|        /| \       | \       | \
                             |  .----` |  `----. |  `----. |  `----.
                             | /       |        \|        \|        \
                   .--------(41)      (42)      (43)      (44)      (45)
                  /         /         /| \       | \
            .----`    .----`    .----` |  `----. |  `----.
           /         /         /       |        \|        \
        (51)      (52)      (53)      (54)      (55)      (56)


   Note that the links depicted represent directed links in the DAG
   overlaid on top of the physical topology depicted in Figure 8.  As
   such, the depicted edges represent the relationship between nodes and
   their DAG parents, wherein all depicted edges are directed and
   oriented `up' on the page toward the DAG root (LBR).  The DAG may
   provide default routes within the LLN, and serves as the foundation
   on which RPL builds further routing structure, e.g. through the
   destination advertisement mechanism.

                           Figure 9: Example DAG

B.1.  Moving Down a DAG

   Consider node (56) in the example of Figure 8.  In the unmodified
   example, node (56) is at rank 6 with one DAG parent, {(43)}, and one
   sibling (55).  Suppose, for example, that node (56) wished to expand
   its DAG parent set to contain node (55), as {(43), (55)}.  Such a
   change would require node (56) to detach from the DAG, to defer
   reattachment until a loop avoidance algorithm has completed, and to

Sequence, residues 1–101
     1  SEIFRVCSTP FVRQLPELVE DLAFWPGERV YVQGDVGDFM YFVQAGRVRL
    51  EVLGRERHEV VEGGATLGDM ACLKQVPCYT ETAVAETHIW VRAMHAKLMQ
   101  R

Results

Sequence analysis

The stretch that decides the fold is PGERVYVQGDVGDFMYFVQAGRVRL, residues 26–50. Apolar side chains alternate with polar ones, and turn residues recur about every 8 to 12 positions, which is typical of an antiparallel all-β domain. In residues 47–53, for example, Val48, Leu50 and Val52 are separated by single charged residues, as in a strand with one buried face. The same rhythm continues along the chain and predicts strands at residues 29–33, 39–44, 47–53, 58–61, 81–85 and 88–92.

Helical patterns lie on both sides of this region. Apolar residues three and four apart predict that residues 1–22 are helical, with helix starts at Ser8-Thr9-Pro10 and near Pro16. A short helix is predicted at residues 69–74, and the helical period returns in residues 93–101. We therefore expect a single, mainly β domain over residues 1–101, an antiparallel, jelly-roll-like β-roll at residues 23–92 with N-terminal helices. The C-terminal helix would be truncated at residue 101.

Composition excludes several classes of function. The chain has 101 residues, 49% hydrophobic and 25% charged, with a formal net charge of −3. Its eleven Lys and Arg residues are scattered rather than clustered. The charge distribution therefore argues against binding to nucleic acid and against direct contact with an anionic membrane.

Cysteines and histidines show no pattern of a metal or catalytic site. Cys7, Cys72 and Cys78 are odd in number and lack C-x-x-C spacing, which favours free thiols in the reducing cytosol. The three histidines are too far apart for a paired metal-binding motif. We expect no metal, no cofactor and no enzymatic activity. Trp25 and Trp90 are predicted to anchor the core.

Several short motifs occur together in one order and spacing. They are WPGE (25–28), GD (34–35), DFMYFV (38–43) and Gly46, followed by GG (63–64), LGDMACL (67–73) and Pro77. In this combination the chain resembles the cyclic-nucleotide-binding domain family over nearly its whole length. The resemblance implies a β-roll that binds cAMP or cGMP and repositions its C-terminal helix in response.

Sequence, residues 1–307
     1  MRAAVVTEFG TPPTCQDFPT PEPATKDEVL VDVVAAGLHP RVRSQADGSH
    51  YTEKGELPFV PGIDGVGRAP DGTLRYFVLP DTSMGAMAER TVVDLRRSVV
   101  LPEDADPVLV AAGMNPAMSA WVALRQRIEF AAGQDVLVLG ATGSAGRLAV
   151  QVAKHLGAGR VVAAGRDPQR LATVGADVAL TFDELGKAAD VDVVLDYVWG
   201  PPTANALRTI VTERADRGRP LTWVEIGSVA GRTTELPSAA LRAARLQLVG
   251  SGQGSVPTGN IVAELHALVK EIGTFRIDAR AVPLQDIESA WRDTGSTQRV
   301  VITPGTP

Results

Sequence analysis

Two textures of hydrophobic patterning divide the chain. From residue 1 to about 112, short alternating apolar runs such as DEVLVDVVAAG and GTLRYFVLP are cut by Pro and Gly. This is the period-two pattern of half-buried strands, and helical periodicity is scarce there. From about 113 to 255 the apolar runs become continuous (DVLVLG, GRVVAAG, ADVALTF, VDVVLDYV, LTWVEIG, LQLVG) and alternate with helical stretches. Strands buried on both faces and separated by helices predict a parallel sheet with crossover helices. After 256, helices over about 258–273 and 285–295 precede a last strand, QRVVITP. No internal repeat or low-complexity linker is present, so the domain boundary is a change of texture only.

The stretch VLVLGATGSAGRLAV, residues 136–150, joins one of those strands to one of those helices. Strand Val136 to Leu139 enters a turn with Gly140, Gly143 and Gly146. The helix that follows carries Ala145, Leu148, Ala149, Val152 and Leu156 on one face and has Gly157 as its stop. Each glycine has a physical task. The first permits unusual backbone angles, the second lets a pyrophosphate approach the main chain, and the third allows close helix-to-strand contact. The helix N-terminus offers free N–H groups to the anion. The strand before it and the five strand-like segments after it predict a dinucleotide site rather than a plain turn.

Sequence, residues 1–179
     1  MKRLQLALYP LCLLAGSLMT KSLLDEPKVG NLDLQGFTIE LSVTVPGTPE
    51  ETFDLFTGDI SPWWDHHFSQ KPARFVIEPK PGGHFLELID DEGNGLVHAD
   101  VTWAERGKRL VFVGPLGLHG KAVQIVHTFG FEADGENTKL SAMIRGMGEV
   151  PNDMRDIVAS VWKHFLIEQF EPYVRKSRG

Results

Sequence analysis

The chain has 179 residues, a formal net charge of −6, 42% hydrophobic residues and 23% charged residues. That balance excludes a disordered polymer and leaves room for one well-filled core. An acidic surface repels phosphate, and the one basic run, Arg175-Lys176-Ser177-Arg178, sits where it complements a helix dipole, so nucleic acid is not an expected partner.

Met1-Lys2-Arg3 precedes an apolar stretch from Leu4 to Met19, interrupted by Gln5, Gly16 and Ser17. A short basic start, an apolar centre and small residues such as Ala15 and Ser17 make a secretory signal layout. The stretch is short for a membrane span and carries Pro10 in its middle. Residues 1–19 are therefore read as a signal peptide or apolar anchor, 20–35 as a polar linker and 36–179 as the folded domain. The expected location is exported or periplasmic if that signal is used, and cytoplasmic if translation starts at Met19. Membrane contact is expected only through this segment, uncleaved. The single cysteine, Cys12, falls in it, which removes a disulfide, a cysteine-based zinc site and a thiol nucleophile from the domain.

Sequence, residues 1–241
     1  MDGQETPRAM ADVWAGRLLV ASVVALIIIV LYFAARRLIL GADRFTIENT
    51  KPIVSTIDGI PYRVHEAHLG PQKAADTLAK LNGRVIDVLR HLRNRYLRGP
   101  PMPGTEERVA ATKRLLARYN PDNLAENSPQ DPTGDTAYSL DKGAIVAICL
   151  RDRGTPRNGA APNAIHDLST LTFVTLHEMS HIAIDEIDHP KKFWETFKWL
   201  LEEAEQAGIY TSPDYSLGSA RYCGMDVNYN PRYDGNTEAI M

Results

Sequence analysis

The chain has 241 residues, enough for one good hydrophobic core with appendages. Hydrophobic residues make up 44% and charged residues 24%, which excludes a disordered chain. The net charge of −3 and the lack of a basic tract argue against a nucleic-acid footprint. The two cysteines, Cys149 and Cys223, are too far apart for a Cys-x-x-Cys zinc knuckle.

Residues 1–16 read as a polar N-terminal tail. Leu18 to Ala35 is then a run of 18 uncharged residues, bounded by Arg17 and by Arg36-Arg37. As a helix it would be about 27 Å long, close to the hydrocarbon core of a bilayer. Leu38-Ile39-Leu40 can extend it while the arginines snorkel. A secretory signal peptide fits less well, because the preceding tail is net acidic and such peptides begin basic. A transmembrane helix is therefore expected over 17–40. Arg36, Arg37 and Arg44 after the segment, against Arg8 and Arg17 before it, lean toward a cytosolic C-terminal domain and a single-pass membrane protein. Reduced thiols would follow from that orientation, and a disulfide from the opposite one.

then reattach to the DAG with {(43), (55)} as it's DAG parents.  When
   node (56) detaches from the DAG, it is able to act as the root of its
   own floating DAG and establish its frozen sub-DAG (which is empty).
   Node (56) can then observe that Node (55) is still attached to the
   original DAG, that its sequence number is able to increment, and
   deduce that Node (55) is safely not behind Node (56).  There is then



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   little change for a loop, and Node (56) may safely reattach to the
   DAG, with parents {(43), (55)}.  At reattachment time, node (56)
   would present itself with a rank deeper than that of its deepest DAG
   parent (node (55) at rank 6), rank 7.

B.2.  Link Removed

   Consider the example of Figure 8 when link (13)-(24) goes down.

   o  Node (24) will detach and become the root of its own floating DAG

   o  Node (34) will learn that its DAG parent is now part of its own
      floating DAG, will consider that it can remain a part of the DAG
      rooted at node (LBR) via node (33), and will initiate procedures
      to detach from DAG (LBR) in order to re-attach at a lower rank.

   o  Node (45) will similarly make preparations to remain attached to
      the DAG rooted at (LBR) by detaching from Node (34) and re-
      attaching at a lower rank to node (44).

   o  Node (34) will complete re-attachment to Node (33) first, since it
      is able to attach closer to the root of the DAG.

   o  Node (45) will cancel plans to detach/reattach, keep node (34) as
      a DAG parent, and update its dependent rank accordingly.

   o  Node (45) may now anyway add node (44) to its set of DAG parents,
      as such an addition does not require any modification to its own
      rank.

   o  Node (24) will observe that it may reattach to the DAG rooted at
      node (LBR) by selecting node (34) as its DAG parent, thus
      reversing the relationship that existed in the initial state.

B.3.  Link Added

   Consider the example of Figure 8 when link (12)-(42) appears.

   o  Node (42) will see a chance to get closer to the LBR by adding
      (12) to its set of DAG parents, {(32), (12)}